On the ground today in Jamaica, cruise expert Stewart Chiron CEO, tweeted “Crowds massing on rooftops, churches, roadways as town about to enter new Millennium. Feels like Christopher Columbus’ arrival.”Indeed, the historic area of Falmouth, Jamaica dates back to 1790 at a time when Jamaica was the world’s largest sugar producer. One of the major obstacles in the construction of the new port has been building up an infrastructure that dates back to the late 18Th and early 19Th century when it was a central hub of the slave trade.

That was then, this is now.

“Marching band welcoming @RoyalCaribbean #cruise passengers as 1st to visit historic port of Falmouth” chimed Chiron.

Today, guests from Royal Caribbean’s Voyager of the Seas are experiencing a new and diverse variety of shore excursions while at Historic Falmouth, including:

  • Good Hope Great House:located fifteen minutes from Falmouth, guests can choose from the new horse & carriage ride, river-tubing, ATV exploring, among others, on this former 18th century Jamaican plantation
  • Dolphin Cove & Dunn’s River Falls:adventure seekers can climb Dunn’s River Falls; zip-line through the lush rainforest canopy or wind down the mountainside on a Jamaican bobsled at Mystic Mountain; or swim with the dolphins at Dolphin Cove.
  • Appleton Estate: after a scenic drive through the Cockpit Country and Bamboo Avenue, guests can indulge in one of Falmouth’s old-world delicacies by learning to make rum and sampling different aged rums.
  • Rafting on Martha Brae: located five minutes from Falmouth, guests can enjoy a tranquil ride on a 30-foot bamboo raft.

Once complete, the port’s master plan calls for 120,000 square feet of retail shopping and two berths capable of servicing the line’s Oasis-class ships. Located on the islands North side between Montego Bay and Ocho Rios, most tours and excursions currently offered at either port will be available from Falmouth.

Some ships previously scheduled to call at Falmough had been redirected to Ocho Rios or Montego Bay where guests aboard Royal Caribbean ships got a discount on the very popular “JamaicaForADay” packages that sounded like just what they need and maybe what super-slow Falmouth construction workers shouldn’t have had.

The all-you-can-drink, all-you-can-eat, all-you-can-play excursion at Sunset Beach Resort pretty much washed away any post-ship diversion blues and brought on the trademark Jamaican party time with no problem mon.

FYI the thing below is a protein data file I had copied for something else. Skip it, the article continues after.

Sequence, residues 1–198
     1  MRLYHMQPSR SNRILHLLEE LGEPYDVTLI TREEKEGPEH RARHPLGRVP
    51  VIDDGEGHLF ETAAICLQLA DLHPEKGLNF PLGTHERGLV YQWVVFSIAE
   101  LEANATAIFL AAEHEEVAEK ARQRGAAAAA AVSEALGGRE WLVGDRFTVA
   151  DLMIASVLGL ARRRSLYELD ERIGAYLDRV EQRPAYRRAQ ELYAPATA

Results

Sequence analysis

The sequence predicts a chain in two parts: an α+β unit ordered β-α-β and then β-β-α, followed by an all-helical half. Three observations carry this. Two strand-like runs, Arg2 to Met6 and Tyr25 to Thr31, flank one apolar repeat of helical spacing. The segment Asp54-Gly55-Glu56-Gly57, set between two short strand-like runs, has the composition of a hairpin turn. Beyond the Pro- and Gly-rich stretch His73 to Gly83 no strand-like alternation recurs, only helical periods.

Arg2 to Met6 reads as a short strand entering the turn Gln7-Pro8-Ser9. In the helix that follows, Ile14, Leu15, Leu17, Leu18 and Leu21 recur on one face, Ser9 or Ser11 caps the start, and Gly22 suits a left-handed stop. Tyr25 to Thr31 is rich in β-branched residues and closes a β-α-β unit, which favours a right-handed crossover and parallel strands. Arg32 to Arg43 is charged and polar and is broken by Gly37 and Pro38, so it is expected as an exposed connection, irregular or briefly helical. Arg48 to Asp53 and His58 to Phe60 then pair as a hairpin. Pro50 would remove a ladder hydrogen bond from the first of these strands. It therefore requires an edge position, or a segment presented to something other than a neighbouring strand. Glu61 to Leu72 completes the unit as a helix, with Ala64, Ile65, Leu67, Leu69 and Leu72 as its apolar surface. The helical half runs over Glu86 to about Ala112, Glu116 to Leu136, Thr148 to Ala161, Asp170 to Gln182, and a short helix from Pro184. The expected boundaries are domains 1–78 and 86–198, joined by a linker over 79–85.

Photos and video @CruiseGuy

Travel guides for cruisers

Sure, you could go to the library and do some research, check out a bookstore for the latest printed guides, but why? Everything you need is right here, literally at your fingertips. Let’s take a look at some of the online resources available to help plan our cruise vacations.

A good first stop is the cruise line websites themselves. There, you’ll find a bunch of good information about the ships, the cruise line and shore excursions they offer. To get more in-depth information about different ports and locations though, you need more than that.

Right here at Gadling we have a bunch of great people that travel the world, reporting on pretty much every aspect of travel on a regular basis. Travel gear and other topics that can totally be applied to cruise vacations are here too like airline information for that flight to the port, hotels for pre or post-cruise stays and restaurants in cities you might not be familiar with.

I like the easy-to-read blog format of this information with a bit of a personal twist to it way better than the dry, catalog-type you might get out of books.

Online travel guides like AOL TravelGuides are good too along with videos that give a clear picture of what you might see when your ship pulls into port. Actually, both Gadling and AOL Travel Guides cover many cities that are destinations for land-based vacations and ports of call for cruises. If your ship stops in Barcelona, you may not need a hotel but learning about the area adds great depth to your cruise experience and knowing what to watch out for, from an experienced land traveler who has been there, is good stuff.

Videos are another online resource that can be really good to consider. AOL has a bunch of them that really give you a good idea of what to expect.

There are other sources out there too. One I like is Insider, a relatively new one that offers over 2000 videos from all over the world, many in HD. From Aruba to Vancouver, you can find a good video at Insider Perks.

If video is not enough cruise-related information for you, try the radio too. has hours of interviews online, waiting to tell you all about everything from the latest cruise news to in-depth interviews with cruise directors, travel experts and more.

Not to throw out all the travel guides, iPhone users have a bunch of Aps that can be helpful too. A new one from the legendary Berlitz name, the Complete Guide to Cruising and Cruise Ships. At $12 from itunes it’s half the price of the book and updated throughout the year.

Flickr photo by Kenny Miller